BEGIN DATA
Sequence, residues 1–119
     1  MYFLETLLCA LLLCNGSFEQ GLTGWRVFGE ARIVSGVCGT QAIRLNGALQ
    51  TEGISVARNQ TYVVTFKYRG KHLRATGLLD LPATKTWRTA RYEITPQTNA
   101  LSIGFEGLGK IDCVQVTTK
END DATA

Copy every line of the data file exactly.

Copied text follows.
Sequence, residues 1–119
     1  MYFLETLLCA LLLCNGSFEQ GLTGWRVFGE ARIVSGVCGT QAIRLNGALQ
    51  TEGISVARNQ TYVVTFKYRG KHLRATGLLD LPATKTWRTA RYEITPQTNA
   101  LSIGFEGLGK IDCVQVTTK